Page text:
British Accra as it was know in the colonial era during the 19th century is one of the oldest districts in the city of Accra. Even as of today, it remains a fishing community inhabited solely by the indigenous Ga. It is one of the favourite tourist destination in Accra. It is the pride of inhabitants of Accra. Accra was originally two settlements, one British and one Dutch, with British Accra being the British outpost.
British Accra has been hosting the popular Chale Wote street Art Festival for the past five years and this years was no exception. The Chale Wote street Art Festival is a alternative platform that brings art, music, dance and performance out of the galleries and onto the streets of British Accra at least that is how the organizers define it.
Their vision is to cultivate a wider audience for the arts in West Africa by breaking creative boundaries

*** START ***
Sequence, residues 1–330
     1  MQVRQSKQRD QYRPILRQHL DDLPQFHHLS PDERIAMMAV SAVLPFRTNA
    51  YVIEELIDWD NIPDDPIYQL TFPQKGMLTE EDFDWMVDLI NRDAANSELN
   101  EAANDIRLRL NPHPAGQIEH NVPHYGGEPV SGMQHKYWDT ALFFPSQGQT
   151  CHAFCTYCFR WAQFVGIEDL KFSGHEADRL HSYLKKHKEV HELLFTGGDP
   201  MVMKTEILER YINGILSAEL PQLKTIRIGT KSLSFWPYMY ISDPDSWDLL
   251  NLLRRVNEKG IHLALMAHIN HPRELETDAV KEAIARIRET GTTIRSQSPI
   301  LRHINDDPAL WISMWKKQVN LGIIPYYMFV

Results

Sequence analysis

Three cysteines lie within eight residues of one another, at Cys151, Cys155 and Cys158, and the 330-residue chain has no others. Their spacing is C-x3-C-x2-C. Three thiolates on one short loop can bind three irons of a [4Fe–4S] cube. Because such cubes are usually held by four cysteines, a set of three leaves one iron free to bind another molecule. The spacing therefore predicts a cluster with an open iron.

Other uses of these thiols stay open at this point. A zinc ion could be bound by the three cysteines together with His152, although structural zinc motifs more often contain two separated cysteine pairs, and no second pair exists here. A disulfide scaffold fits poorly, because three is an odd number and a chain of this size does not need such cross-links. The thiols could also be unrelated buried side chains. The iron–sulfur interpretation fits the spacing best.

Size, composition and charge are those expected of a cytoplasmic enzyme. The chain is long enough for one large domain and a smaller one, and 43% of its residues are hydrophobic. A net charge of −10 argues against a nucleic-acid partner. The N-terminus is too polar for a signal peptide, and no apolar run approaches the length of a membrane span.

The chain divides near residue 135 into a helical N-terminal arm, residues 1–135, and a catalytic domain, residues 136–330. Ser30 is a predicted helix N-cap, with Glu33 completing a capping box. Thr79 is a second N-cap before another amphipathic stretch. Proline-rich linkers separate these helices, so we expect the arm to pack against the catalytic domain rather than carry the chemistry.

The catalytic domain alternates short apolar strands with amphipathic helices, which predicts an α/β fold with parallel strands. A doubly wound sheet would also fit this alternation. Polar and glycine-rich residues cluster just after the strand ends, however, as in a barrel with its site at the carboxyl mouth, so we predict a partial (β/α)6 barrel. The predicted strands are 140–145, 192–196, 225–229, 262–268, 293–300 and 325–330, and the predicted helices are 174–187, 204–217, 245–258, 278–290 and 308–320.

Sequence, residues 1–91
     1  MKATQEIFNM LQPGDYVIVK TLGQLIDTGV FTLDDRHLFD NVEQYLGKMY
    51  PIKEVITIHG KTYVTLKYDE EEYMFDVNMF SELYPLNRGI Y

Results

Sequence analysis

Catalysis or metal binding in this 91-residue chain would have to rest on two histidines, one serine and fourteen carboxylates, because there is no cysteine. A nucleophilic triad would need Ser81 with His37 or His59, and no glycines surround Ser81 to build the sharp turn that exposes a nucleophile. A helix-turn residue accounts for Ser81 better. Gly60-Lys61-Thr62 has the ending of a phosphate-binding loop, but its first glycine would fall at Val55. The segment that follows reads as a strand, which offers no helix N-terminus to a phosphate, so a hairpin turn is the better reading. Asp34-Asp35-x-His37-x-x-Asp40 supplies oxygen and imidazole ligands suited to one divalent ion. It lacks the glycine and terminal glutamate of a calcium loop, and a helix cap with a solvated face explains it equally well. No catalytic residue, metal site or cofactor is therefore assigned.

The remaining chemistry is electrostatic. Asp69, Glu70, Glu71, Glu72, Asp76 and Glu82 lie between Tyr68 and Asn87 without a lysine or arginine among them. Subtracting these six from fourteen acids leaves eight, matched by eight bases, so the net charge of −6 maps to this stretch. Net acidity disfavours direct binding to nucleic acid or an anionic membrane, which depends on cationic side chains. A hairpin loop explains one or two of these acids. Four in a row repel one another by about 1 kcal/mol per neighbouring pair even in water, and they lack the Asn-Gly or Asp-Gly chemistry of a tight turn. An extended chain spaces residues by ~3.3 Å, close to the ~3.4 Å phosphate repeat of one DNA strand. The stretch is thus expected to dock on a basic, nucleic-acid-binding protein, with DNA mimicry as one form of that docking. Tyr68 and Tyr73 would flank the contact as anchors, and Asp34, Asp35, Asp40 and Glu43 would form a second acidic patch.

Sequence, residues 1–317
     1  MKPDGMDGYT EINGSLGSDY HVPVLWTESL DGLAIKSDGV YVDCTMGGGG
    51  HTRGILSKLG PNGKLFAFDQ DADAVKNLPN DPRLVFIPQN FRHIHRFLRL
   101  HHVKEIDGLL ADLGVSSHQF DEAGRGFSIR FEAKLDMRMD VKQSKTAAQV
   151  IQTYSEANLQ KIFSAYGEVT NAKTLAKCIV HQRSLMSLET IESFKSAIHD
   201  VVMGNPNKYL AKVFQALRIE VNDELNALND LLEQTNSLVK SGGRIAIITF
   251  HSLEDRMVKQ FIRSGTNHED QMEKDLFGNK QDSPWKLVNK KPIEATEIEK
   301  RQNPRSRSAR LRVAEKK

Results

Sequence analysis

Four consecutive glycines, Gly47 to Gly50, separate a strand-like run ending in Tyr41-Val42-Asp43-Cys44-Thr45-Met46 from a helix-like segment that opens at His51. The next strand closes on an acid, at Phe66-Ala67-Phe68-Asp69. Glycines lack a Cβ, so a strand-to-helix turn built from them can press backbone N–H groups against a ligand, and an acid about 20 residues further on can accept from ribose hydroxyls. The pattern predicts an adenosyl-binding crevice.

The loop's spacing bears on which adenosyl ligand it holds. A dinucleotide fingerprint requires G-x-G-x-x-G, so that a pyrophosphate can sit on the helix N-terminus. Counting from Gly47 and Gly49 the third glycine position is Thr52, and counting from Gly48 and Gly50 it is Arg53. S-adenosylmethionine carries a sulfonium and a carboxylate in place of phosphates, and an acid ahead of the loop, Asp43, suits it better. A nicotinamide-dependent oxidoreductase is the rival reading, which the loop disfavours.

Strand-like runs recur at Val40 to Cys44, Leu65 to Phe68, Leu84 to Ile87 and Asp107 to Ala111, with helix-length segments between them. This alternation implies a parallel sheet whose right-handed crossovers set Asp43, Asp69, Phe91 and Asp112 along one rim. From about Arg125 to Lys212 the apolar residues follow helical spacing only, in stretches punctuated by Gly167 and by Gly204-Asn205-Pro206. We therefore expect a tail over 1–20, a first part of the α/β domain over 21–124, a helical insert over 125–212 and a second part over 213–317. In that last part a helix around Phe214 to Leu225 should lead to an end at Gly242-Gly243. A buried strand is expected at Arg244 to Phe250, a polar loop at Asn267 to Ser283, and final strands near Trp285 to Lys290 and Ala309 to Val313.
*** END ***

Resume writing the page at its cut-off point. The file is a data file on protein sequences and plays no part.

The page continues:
and using art as a viable form to rejuvenate public spaces. The CHALE WOTE Street Art Festival challenges
both artists and community-based audiences to connect through art.
The festival includes street painting, graffiti murals, photo exhibitions, interactive installations,
a food and fashion marketplace, live street performances, extreme sports, African film shows, street boxing, a fashion parade, a music block party, recyclable design workshops and much more.
More than 200 Ghana-based and international artists take part in the event. The festival is held
on a ten-minute walking route along High Street between the Ga Mashie Development Agency
(GAMADA, three buildings up from the Lighthouse) and the old Kings Way building (next to Ussher Fort).
Now you know why I was at Chale Wote last week.
For more Chale Wote Art Festival pictures click the links below :